Tenn Nissan Workers Move to Unionize – St. Louis Oil Workers Strike – More on Amazon Union Vote

Factory workers install vehicle parts on an assembly line at the Nissan Motor Co. Manufacturing plant in Smyrna, Tennessee, U.S., on Tuesday, Oct. 31, 2017. (Photographer: Luke Sharrett/Bloomberg)


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Tenn. Nissan Workers Move to Unionize 

Union fever may be spreading throughout the South. 

At the Nissan plant in Smyrna, 25 miles outside of Nashville, a group of 87 tool and die machine technicians are seeking to unionize with the Machinists Union. 

“A union contract will ensure fair wages, benefits, working conditions and the ability to retire with dignity,” said Tim Wright, a machinists union Grand Lodge representative and lead campaign organizer, in a statement announcing the drive. 

If successful, they would be the first Nissan workers to organize in the US. 

A union victory in Smyrna could open the door to more union organizing at Nissan’s two plants in Tennessee as well as their non-union plant in Canton, Mississippi, where the union was defeated in 2017. 

(See Payday & franknews’  recent interview with Nissan worker Morris Mock on the defeat of the union drive in Mississippi in 2017.) 

St. Louis Oil Workers Strike 

In St. Louis, 25 members of Teamsters Local 618 are on strike at Valvoline over plans that would require workers to pay up to $7,000 in health care deductibles every year. 

“This is the largest increase ever imposed for a deductible through their health insurance,” Teamster Local 618 Principal Officer Derek Kropp told St. Louis’ Labor Tribune. “We have families with kids that never reach $7,000 a year in healthcare expenses. The deductible is outrageous.”

For more, head to the Labor Tribune. 

Fresno Health Officials Tipped Off Foster Farms About Inspection

A new exposé reveals that during the largest COVID outbreak in Fresno, when at least 22 Foster Farms workers were hospitalized, local Fresno health officials tipped off Foster Farms that state officials were coming to inspect the plant. From the Fresno Bee: 

Dozens of emails obtained by The Fresno Bee through a Public Records Act request show that during the outbreak at the South Cherry Avenue plant that infected hundreds, health officials tipped off company executives about a Cal/OSHA inspection, coordinated media talking points during the crisis, withheld information from the public and issued no corrective actions.

At least five people who worked at the South Cherry Avenue plant have died in connection to the virus, according to data provided by the company and Cal/OSHA. At least 22 people who worked at Foster Farms’ Fresno facilities have been hospitalized due to COVID-19 related complications to date.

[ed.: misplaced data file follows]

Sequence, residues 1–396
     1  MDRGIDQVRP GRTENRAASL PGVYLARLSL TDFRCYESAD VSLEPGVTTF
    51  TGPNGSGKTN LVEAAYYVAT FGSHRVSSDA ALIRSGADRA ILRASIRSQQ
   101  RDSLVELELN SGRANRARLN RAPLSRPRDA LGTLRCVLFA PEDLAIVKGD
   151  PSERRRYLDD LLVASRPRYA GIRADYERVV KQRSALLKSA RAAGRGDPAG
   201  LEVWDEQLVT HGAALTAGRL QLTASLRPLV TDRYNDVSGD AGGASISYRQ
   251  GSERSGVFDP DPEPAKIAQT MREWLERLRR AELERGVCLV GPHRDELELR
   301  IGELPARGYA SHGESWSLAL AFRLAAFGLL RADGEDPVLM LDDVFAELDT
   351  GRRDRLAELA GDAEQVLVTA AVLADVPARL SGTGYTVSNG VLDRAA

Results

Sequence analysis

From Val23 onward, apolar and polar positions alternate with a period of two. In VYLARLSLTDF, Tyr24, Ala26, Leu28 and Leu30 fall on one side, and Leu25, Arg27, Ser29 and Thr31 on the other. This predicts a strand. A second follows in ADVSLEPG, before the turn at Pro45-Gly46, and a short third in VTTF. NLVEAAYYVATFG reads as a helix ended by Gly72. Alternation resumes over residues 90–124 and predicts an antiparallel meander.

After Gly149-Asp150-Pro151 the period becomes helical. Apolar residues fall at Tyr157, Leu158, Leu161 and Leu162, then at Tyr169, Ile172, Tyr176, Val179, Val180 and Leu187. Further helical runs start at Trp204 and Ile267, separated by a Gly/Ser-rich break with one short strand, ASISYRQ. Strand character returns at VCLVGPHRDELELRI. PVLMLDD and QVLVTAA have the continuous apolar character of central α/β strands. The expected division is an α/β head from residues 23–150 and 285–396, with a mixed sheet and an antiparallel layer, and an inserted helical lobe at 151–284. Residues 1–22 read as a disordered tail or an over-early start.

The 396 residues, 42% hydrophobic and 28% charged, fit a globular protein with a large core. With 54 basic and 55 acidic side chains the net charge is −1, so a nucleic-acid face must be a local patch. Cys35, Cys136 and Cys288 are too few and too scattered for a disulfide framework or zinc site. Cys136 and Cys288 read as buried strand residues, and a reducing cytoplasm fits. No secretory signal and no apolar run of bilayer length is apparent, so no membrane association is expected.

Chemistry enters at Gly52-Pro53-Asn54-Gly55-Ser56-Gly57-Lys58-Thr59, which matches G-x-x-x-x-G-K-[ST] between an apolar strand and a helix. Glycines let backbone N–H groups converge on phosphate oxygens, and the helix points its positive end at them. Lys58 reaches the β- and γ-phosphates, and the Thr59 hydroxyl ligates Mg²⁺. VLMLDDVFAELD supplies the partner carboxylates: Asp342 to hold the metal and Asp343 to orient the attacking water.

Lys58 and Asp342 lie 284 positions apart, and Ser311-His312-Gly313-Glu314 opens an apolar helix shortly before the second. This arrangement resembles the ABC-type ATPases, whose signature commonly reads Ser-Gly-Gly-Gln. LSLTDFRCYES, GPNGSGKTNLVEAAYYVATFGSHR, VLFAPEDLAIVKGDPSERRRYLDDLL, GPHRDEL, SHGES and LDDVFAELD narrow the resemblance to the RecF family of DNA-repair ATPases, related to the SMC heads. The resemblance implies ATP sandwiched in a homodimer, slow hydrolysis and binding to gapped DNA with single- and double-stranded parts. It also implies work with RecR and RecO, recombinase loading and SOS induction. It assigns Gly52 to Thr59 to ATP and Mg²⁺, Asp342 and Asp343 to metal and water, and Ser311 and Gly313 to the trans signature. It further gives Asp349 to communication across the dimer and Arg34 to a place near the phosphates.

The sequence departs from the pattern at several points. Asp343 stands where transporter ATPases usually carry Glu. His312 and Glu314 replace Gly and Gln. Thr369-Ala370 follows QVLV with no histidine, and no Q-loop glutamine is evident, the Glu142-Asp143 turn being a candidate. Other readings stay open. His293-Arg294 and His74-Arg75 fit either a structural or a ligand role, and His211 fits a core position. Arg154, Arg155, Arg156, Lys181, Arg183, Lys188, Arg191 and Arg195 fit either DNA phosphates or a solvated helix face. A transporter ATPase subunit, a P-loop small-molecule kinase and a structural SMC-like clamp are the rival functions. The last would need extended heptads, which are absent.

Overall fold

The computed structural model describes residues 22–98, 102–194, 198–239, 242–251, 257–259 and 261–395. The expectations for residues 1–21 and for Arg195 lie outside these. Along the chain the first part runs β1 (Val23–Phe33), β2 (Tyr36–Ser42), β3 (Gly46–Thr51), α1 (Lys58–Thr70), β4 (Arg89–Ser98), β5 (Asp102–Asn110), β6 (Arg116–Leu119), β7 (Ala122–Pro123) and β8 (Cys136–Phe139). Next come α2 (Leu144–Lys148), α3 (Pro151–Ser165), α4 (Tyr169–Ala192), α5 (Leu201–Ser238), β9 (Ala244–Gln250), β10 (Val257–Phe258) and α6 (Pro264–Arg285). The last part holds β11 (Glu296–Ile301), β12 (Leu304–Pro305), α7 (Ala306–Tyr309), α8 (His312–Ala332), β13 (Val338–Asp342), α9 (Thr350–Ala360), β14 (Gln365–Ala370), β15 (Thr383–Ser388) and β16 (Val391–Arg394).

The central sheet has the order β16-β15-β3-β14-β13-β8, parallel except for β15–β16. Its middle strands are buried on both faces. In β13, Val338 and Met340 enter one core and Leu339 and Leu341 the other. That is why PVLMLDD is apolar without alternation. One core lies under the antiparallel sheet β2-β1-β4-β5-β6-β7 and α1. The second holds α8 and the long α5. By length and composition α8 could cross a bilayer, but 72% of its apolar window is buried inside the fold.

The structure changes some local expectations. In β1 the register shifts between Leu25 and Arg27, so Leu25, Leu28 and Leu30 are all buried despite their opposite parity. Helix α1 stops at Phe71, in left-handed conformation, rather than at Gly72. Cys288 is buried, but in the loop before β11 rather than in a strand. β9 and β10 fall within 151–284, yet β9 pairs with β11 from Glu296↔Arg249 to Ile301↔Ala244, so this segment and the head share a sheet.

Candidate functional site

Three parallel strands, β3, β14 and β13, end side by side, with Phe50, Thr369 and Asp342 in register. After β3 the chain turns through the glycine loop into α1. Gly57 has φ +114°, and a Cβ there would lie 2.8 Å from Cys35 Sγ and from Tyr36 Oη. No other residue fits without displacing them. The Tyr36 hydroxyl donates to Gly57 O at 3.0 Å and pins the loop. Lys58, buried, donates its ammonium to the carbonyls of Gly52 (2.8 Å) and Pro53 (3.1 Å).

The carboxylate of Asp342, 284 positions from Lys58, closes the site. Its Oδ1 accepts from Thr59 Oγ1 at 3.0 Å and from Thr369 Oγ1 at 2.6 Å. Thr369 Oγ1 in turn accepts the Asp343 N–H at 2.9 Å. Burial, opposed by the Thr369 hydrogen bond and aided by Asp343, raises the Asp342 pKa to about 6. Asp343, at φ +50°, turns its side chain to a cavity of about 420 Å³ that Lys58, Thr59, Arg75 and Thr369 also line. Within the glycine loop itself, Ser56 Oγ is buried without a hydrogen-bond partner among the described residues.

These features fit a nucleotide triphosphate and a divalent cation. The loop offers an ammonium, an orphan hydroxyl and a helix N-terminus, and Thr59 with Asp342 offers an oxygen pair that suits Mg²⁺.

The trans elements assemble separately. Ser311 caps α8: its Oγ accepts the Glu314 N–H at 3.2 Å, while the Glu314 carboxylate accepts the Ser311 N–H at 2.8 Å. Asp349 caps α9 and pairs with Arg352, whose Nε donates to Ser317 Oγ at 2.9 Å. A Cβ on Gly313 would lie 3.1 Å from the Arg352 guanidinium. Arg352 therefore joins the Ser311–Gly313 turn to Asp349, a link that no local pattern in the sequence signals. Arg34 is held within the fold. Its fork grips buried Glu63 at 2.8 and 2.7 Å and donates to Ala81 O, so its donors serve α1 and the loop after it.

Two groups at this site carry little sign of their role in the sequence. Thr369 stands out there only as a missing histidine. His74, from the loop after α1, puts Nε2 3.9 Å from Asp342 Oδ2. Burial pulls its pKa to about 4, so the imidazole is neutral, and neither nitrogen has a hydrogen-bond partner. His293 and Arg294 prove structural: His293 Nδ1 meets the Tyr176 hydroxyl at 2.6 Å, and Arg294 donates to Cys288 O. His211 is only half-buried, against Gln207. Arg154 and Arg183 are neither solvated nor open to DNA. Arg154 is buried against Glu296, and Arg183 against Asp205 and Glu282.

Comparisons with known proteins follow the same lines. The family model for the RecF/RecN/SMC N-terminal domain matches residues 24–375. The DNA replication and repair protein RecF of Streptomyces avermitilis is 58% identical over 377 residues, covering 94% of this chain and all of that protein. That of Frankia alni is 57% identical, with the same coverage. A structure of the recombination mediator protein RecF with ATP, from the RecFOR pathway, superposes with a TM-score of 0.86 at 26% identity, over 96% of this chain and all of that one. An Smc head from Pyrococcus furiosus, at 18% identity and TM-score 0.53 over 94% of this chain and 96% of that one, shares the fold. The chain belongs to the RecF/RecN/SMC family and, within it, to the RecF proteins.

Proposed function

For more, go to the Fresno Bee. 

HuffPo’s Dave Jamieson Investigates Alabama Organizing Efforts 

My friend Dave Jamieson, a veteran HuffPost labor reporter, just got back from Bessemer with a dispatch on the intensity of union organizing efforts there: 

“Every gate is really important. It’s how you start organizing,” said José Aguilar, a union representative stationed at an entrance one day last week.

Aguilar, 48, was working the evening shift as the sun set and the temperature hung near 70 degrees ― the most pleasant weather he could ask for while standing on a sidewalk for a few hours. He held a union sign and waved as a worker leaving the parking lot pulled up to the traffic light, headed home. Aguilar’s colleagues stood at two other spots down the road. 

He tried to explain why he’s stood at the entrances since the fall, sometimes for 10 consecutive days.

“If [workers] stop and have questions, we answer the questions,” Aguilar said. “If they come and we left, and they don’t see nobody, they’re gonna say, ‘They don’t care.’”

For more, go to HuffPost. 

Alright folks, that’s all for today. Keep sending story ideas, tips, and comments to [email protected] 

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About the Author

Mike Elk
Mike Elk is an Emmy-nominated labor reporter and alumni of the Guardian. In addition to filing nearly 2,000 stories from 46 states, Elk traveled with Lula from Sáo Bernando do Campos all the way to the Oval Office in the White House. Credited by the Washington Post for being the first reporter to track the strike wave systematically, Elk started Payday Report using his NLRB settlement from being illegally fired for union organizing in 2015. He lives in his hometown of Pittsburgh and works frequently in Rio de Janeiro, where he attended college at PUC-Rio. He speaks both Portuguese and Pittsburghese fluently. His email is [email protected]

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